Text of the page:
Calico FAQ

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  1. What is the Calico Project?
    The Calico Project is designed to create a simple but powerful programming environment for computer science education. It has two main parts: an editor, and a shell. The goal is to have a single environment for exploring different computing contexts with different computer languages.
  2. What can you do with it?
    You can write programs and run them interactively. It is meant to be an all-on-one environment for easily writing and running programs on any platform. The main goal of Calico is to run the Myro interface to robots.
  3. What languages can one use with Calico?
    You can use Java, Python, Ruby, Boo, Scheme, and Jigsaw. Python, Ruby, Boo, and Scheme are well known programming languages. We use IronPython, IronRuby, Boo, and a new version of Scheme. Jigsaw is similar to the drag-and-drop language Scratch.
  4. What language is Calico written in?
    Calico is written in C#, and uses the Gtk graphical tool kit. It runs under Mono on MacOSX, Windows, and Linux.
  5. Are there any differences between the three platforms?
    Basically, no. Pretty much everything works identically on all three platforms.
  6. Why is Calico written in C#?
    One reason is that one doesn't need to re-compile anything other platforms. It is portable and easily maintainable.
  7. Why use Gtk?
    We wanted to use a graphical system that ran well on all three of the major operating system platforms. We tried WinForms, but that is not as well supported on MacOSX and Linux as Gtk is.
  8. Why use Mono?
    We wanted to use a framework that was as flexible as possible. Actually, on Windows we run under .NET with some libraries from Mono.
  9. What is the DLR?
    The DLR is a language infrastructure written so that it would be easy to implement scripting languages. It is written to sit on the Common Language Runtime, or CLR. It was written by Microsoft, but then donated as open source software.
  10. What is the CLR?
    Originally called .NET, the CLR is the heart of Microsoft's virtual machine. Mono implemented a freely available version of the CLR, which is called Mono.
  11. So, the DLR sits on top of the CLR, and Mono implements the CLR via Mono?
    Yes, exactly.
  12. What are Calico's dependency requirements?
    Just install the .zip file from the download page. Everything you need is included (the Linux version has additional dependencies).
  13. Is the Calico Scheme compliant with other implementations of Scheme?
    No. This is an on-going experiment to attempt to bring a Scheme language up to par with other modern scripting languages, like Python, Boo, and Ruby.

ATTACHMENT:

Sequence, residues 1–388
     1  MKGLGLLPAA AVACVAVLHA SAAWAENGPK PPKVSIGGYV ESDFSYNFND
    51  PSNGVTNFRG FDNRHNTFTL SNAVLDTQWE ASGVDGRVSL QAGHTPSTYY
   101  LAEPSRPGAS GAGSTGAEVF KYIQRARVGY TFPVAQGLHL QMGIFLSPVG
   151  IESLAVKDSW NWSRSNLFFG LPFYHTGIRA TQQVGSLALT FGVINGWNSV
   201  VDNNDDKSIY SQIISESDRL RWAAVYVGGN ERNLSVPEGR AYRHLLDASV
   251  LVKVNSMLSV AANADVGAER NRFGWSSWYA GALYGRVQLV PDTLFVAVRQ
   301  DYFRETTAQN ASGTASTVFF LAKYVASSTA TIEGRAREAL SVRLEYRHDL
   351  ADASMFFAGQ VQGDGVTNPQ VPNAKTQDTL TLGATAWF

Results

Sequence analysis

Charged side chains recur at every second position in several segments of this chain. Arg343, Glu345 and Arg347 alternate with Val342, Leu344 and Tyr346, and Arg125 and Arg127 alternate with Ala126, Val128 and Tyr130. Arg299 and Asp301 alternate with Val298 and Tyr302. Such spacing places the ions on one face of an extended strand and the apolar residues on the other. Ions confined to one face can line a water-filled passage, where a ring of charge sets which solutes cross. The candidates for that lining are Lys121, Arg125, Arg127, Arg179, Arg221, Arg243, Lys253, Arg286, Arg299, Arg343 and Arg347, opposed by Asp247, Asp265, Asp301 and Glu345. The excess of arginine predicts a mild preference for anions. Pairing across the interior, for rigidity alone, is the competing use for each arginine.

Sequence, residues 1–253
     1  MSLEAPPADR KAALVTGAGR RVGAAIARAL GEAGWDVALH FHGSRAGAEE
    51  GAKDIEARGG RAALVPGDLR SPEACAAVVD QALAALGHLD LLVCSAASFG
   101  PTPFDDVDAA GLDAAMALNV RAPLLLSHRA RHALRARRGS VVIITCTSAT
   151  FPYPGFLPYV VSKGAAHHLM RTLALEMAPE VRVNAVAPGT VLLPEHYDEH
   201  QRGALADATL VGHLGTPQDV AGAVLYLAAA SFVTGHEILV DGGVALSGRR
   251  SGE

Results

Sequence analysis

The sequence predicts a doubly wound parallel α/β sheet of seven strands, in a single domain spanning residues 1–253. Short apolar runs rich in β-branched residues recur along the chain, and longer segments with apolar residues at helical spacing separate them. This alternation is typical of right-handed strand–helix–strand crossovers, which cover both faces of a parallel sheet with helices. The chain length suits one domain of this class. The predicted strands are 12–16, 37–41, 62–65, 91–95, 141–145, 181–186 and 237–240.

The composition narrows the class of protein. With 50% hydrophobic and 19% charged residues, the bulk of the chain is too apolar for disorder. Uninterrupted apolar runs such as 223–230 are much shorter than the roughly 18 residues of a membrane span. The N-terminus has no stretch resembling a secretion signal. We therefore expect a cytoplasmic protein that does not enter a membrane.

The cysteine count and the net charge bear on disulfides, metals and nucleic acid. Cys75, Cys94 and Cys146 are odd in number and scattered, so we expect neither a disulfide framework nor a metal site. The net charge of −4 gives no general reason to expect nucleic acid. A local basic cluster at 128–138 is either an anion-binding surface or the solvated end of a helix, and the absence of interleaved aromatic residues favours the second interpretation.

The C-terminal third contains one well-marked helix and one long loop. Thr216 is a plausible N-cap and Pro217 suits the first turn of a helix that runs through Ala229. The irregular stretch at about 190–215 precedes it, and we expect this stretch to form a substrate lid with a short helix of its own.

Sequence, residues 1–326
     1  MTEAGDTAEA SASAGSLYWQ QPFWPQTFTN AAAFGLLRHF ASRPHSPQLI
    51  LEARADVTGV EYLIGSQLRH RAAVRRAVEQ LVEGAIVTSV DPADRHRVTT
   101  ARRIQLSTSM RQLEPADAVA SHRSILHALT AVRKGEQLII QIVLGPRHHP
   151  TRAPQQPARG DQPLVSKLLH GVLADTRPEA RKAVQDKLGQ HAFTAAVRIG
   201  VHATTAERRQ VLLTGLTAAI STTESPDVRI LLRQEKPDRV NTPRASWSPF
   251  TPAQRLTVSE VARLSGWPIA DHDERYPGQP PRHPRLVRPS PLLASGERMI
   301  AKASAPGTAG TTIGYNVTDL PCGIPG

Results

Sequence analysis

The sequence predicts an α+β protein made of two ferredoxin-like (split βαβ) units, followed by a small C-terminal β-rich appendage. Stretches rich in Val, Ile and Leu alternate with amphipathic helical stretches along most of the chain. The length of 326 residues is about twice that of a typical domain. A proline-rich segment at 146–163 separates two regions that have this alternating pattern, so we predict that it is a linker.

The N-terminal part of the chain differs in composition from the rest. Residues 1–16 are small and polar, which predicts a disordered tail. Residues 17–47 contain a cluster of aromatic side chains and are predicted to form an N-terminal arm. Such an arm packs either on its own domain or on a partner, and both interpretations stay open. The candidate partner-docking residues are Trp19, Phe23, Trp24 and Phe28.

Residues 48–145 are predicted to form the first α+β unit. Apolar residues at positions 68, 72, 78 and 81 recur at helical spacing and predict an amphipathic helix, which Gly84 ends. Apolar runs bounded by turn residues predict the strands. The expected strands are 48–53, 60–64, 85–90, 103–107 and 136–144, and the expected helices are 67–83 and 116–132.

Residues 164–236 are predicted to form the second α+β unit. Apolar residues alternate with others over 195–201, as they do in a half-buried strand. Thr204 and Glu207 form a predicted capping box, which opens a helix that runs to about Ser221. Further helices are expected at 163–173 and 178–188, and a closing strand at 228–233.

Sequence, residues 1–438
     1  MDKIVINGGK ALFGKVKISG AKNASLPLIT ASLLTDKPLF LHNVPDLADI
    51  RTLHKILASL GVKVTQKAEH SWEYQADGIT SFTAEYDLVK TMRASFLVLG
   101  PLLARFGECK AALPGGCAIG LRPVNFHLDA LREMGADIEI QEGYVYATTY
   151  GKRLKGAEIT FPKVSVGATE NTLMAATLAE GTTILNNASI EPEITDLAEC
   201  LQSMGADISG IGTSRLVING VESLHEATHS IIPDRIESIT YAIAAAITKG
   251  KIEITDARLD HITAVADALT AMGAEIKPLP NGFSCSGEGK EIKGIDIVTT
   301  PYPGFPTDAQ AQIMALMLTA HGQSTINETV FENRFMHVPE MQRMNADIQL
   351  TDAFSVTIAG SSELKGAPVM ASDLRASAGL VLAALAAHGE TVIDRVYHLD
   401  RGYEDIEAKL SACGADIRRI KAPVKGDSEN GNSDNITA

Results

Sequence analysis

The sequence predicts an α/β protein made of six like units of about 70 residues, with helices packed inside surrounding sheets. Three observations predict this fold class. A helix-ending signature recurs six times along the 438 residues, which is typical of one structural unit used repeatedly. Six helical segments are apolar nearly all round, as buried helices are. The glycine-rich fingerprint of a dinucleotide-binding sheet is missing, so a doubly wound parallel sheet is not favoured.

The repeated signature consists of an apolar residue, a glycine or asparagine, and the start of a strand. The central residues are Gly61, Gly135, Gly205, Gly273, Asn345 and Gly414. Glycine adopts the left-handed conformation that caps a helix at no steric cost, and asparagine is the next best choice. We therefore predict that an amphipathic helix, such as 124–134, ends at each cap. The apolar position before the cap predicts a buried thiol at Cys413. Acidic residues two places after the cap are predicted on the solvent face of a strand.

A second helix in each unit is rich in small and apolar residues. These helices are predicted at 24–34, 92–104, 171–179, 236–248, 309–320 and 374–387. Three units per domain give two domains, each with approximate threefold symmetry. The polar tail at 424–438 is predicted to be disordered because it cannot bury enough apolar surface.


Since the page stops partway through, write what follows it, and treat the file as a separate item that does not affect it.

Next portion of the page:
14. Is Calico Scheme a real Scheme then?
    Mostly it is. It is fully and properly tail-call optimized; there is no program call stack. It is implemented using continuations, and supports define-syntax.
  15. What is Calico Scheme written in?
    It is written in Continuation Passing Style (CPS) in Scheme, and converted, through a series of transformations, into C#.
  16. Can Scheme call regular CLR functions?
    Yes.
  17. Can the other DLR languages call Scheme functions?
    Yes. Calico Scheme implements a method to wrap a Scheme procedure as a CLR function.
  18. In what ways can the Calico languages interact?
    Most of the Calico languages can share data structures and programs.
  19. You mean you can write code in Ruby, Boo, Python, and Scheme, and they can all interact?
    Yes. But it depends on the language as to how well, and how much.
  20. Is this slow?
    No, it is actually very fast compared to other scripting languages, especially if the other system needs to perform conversions in passing data back and forth between systems. Calico Scheme is the slowest, but we haven't yet to begin optimizing it yet.
  21. What are modules written in?
    Any language that can create a .DLL can be used. For example, C# or Visual Basic.
  22. Are all .DLLs usable in Calico?
    Windows can probably use any .DLL, but MacOSX and Linux can only use .DLL that are written in a cross-platform way (no P/Invokes, and no low-level C libraries, for example). However, if you write your module appropriately just using C#, then it can be run directly on all platforms.
  23. What does Calico offer for educators?
    The idea is to create an environment that is productive for beginners, but scales up pedagogically as they develop more skills. Educators can also create their own language, or accessory without having to make everything necessary to deploy in the classroom.
  24. Aren't there are already tools like this, such as DrScheme, or IDLE that comes with Python?
    Yes, and both of those are have inspired us and our goals. But we don't want to restrict the project to just Scheme, or just Python. We want to be able to switch, and not have to abandon all of the work on our educational environment, nor our context (3D graphics, robotics, gaming, etc).
  25. What is Jigsaw?
    Jigsaw is a drag and drop language, similar to the interface that comes with Scratch.
  26. What is Dinah?
    Dinah is the beginning of a drag and drop language, similar to the interface that comes with Alice.
  27. Why include these with scripting languages?
    Because we want a smooth continuum from beginner to expert. In Calico you'll be able to start with something like Alice, but then gradually move to Python (for Example). The context (say, 2D graphics) will be exactly the same.